building new calf barn

Discussion in 'Cattle' started by jennifer_b, Mar 17, 2004.

  1. jennifer_b

    jennifer_b Member

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    Mar 16, 2004
    Location:
    VA
    Hello everyone!

    I have a couple of questions if anyone can help.

    First, we are in the process of building a new calf barn and are going to start bottle raising holstein bull calves. We have a small herd of stock cows at the moment (25 cows and 7 heifer calves) My question is should we go ahead and lime the barn before we get our calves or after the first batch? We havent had any disease with our stock cows just some bad eyes with our calves from weeds.

    Next, we are planning to put a wood stove in our barn for these cold winters we have here in VA, is there many disadvantages for heated barns?

    Finally, what kind of bedding would you recommend? hay, straw, or wood chips?

    Thank you for any information you can provide me with.

    Jennifer :)
     
  2. Jena

    Jena Well-Known Member

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    I like having a good layer of lime in the barn so it is easier to scrape later without tearing up the dirt so bad you have hills and valleys.

    I would not heat the barn. Cattle do just fine in the cold, even little calves as long as they are dry and out of the wind. I think a heated barn just makes it harder on them to deal with the real world and though I have no scientific evidence for this...it seems like it would cause diseases to spread more. Warm barns get condensation, which makes things damp and humid, which germs like.
    A dry, draft-free (mostly) area, well bedded with straw is downright cozy for a calf.

    I do have my own portable heater than I will put in the barn when it's really cold, if I have to do something for a long time that doesn't let me move enough to stay warm. It's for me though, not the cows.

    I use straw for bedding. Cheaper than hay, easier to clean up than wood chips.

    Jena
     

  3. Razorback21

    Razorback21 Well-Known Member

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    Southern Illinois
    Jennifer,
    Definitely lime your pens ahead of time! It will make life so much easier for you cleaning-wise. I agree with Jena on heating barns for bucket calves. They raise them in Minnesota and North Dakota in nothing more than overgrown dog houses. So an unheated barn with straw would work fine in Virginia I would think.

    Razorback21
     
  4. Cornhusker

    Cornhusker Unapologetically me Supporter

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    Ok, here's my 2 cents worth.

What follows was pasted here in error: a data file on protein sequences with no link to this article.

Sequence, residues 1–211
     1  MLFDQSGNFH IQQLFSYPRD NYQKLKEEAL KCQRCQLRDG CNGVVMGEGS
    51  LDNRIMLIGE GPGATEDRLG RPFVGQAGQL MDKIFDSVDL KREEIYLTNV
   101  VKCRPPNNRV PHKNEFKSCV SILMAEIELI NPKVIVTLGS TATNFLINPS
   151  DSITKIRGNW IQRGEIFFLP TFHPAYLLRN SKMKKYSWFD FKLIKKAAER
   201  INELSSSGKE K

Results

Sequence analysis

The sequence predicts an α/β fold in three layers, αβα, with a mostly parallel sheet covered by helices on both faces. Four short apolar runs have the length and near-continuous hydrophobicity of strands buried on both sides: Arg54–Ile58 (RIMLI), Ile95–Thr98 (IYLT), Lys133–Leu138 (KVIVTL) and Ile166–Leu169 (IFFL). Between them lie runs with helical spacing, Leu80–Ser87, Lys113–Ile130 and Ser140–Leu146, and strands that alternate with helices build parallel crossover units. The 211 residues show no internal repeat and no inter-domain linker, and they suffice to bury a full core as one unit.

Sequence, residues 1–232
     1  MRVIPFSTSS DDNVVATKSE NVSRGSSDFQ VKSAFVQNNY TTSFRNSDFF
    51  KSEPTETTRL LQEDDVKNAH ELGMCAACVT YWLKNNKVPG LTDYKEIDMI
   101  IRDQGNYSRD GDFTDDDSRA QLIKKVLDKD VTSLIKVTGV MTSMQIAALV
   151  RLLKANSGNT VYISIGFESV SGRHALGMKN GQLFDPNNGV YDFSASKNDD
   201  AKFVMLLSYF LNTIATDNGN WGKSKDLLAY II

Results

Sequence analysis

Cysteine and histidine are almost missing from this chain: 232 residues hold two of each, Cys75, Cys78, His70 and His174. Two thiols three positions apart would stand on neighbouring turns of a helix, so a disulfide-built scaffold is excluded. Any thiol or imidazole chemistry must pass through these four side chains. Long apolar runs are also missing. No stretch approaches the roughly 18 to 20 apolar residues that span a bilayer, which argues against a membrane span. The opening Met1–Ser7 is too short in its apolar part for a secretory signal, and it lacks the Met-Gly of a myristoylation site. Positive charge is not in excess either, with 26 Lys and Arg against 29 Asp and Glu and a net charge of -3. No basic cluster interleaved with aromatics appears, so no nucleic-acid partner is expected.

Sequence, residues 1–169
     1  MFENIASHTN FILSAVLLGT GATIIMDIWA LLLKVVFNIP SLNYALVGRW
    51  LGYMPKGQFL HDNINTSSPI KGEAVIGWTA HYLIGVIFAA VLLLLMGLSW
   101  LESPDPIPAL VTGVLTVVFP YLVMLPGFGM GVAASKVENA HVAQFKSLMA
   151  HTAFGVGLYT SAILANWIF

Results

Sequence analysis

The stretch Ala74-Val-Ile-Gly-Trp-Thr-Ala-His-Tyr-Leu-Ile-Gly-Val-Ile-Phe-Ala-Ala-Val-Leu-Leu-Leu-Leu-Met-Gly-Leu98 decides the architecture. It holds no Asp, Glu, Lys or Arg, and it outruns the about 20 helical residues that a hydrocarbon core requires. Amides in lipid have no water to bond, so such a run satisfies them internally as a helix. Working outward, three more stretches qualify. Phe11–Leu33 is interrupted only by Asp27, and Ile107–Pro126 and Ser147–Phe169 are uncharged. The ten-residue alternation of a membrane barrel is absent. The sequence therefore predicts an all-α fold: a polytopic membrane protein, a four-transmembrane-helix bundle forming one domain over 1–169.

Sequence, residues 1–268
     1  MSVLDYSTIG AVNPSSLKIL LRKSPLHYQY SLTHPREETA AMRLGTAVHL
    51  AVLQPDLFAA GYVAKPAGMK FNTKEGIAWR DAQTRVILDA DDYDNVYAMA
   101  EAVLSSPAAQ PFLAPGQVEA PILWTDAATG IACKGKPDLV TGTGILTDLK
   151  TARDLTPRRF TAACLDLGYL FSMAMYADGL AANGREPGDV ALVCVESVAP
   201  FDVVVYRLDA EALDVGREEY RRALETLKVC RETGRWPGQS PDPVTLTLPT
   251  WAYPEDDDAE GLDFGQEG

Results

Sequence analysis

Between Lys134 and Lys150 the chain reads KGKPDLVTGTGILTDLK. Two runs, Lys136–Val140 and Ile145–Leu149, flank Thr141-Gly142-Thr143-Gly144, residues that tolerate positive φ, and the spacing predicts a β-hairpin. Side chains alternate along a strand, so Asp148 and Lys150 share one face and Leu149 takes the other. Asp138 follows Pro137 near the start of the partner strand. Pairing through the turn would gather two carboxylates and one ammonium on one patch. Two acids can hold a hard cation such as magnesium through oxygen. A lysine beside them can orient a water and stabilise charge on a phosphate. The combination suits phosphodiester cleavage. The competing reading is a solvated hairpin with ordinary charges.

Use straw for bedding, hay's too espensive and they'll try to eat it. Wood chips might grow on trees in VA, but around here they cost lotsa money, and I wouldn't use them for anything bigger than a rabbit.
    Also, we have cold winters, and there's no way I'd heat the cow barn, especially with a wood stove. Some cow will start scratching it's rear on the stove and it's the Chicago fire all over again.
    Cows are outdoor animals, all they require is shelter from the wind and dry straw to sleep on.
    Just out of curiosity, why are you raising holstein bulls? :confused:
     
  5. jennifer_b

    jennifer_b Member

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    Location:
    VA
    Cornhusker, the reason we are raising holstein bull calves is for just a little hobby. The holstein heifers are way to expensive for us right now. My mother-in-law has a dairy farm and she will give us her heifers but for now we are just hobbiest. The bull calves are really pretty cheap around here and for us just starting out we are going to try the bulls. And raise them out to about 400 or 500 lbs and then sell them.

    Thanks everyone for all your replies. I will definatly lime the barn before we put our calves in.

    Still in the process of building it. We are putting the metal on the sides of it right now.

    Talk to you soon.
    Jennifer
     
  6. unioncreek

    unioncreek Well-Known Member Supporter

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    When I was growing up in Montana, we didn't have any barns for out cows and we calved in February. Even at -20 we never had any problems. We had a lot of brush that they could get in out of the wind and they always did fine. The problem you have is when you get hot and cold temps and they you end up with sick calves.

    Bob